While you can protect your skin from damage with sunscreen, you may be neglecting the very real possibility that the summer sun can also damage your eyes. Taking care of your eyes is more than just getting a LensCrafters eye exam at regular intervals. It starts with knowing just how much damage the sun can do to your eyes and your vision.
The Need for UV Protection
When spring and summer arrives, you should have good sunglasses that offer decent UV protection. This is especially crucial when you spend a lot of time under the summer sun. The sun emits ultraviolet rays that can damage your eyes, and there are several types of UV rays (and UV ray protection) to consider.
- UVA Rays. While UVA may not be as strong as UVB and UCR rays, they’re particularly dangerous for your eyes. These rays can harm your macula, which is part of the retina. A damaged macula can diminish your central vision.
- UVB Rays. While some UVB rays are blocked by the ozone layer, a considerable amount can still pass through. UVB rays are notorious for causing skin damage, but they can also help lead to your eyes forming cataracts.
- UVC Rays. These are extremely dangerous to both the skin and the eyes, but the ozone layer blocks most of it. Still, some sunglasses also offer protection against UVC.
- Visible blue light. While your electronic gadgets are often touted as sources of blue light that can damage your eyes, most of the blue light that gets to your eyes also come from the sun.
Eye Health Problems that Can Be Caused by UV Rays
With too much time under the sun while not wearing sunglasses with proper UV protection, you’re more at risk of developing certain eye health problems:
- Cataracts. This is when the clear lens of your eyes turns cloudy, and this will certainly impair your vision. Cataracts can be caused by extended sun exposure.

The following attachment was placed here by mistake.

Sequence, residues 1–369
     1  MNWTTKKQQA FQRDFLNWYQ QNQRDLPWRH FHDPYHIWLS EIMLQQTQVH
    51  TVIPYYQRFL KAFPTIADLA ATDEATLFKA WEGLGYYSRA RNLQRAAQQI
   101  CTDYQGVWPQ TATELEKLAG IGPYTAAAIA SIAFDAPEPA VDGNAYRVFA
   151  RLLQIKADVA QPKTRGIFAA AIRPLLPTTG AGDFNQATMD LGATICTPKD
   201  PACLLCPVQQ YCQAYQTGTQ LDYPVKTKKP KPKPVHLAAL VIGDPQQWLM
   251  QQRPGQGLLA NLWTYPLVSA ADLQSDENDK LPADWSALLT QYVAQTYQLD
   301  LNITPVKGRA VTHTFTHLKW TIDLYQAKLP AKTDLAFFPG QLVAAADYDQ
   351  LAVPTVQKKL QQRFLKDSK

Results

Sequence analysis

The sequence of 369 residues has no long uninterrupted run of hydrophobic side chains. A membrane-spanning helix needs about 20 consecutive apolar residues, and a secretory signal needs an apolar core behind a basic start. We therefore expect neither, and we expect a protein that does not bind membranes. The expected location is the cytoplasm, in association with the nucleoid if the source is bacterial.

- Photokeratitis. This is like sunburn for your eyes instead of for your skin. The symptoms of this annoying condition include tearing and red eyes. You may become more sensitive to light, and you might feel that there’s something stuck in your eyes. You can get this problem when you spend an afternoon on the beach and get lots of UV light in a few hours, while not wearing sunglasses with UV protection.
- Conjunctivital Growths. You may have growths on the conjunctiva, which the white part of your eye. It’s more likely to happen to people who live in places that’s sunny all year long.
- Macular Degeneration. This is when the cells of the retina start to deteriorate, and it can lead to problems affecting how you drive, read, or even recognize people. Too much sun exposure can contribute to this problem.
- Cancer. Melanoma, basal cell carcinoma, and squamous cell carcinoma are types of skin cancer, and they can develop on your eyelids (especially on the lower eyelids). The symptoms can include losing your eyelashes, developing bleeding bumps, and growing new spots on the eyelids. Another sign is chronic inflammation of the eyelids, especially when medication doesn’t help with the condition. Or you can get blurry vision, a spot on the iris, or even a change in the shape of your pupil.
UV rays aren’t the only causes of potential damage to your eyes when you stay too long outdoors during a summer day. Here are some other problems you should keep in mind:
- Tired and irritated eyes. When summer comes and you’re on vacation, you’re more likely to indulge in parties and other activities that cut down on your sleep. That can cause your eyes to get tired and irritated.
- Dry eyes. This is actually a rather common issue, and it can happen at any time of the year. But it may be more likely during the summer, because fans and air conditioning can lead to dry eyes symptoms, and these cooling measures are more prevalent during the summer.
- Summer eyes allergies. You’re not limited to worrying about allergies, since there are some particular common pathogens (such as mold and seeds) that are more prevalent during the summer. This can lead to symptoms such as dry eyes, itchy eyes, and a burning sensation in your eyes.
- Greater risk of infection. Aside from tiring your eyes out with more social activities during the summer, you may also be more likely to get an infection due to some outdoor activities. Swimming, camping, and hiking can expose your eyes to more pathogens that can lead to infections.
So, with summer fast approaching, get yourself tested by an eye doctor, and get some proper tips on how to protect your eyes during the summer season!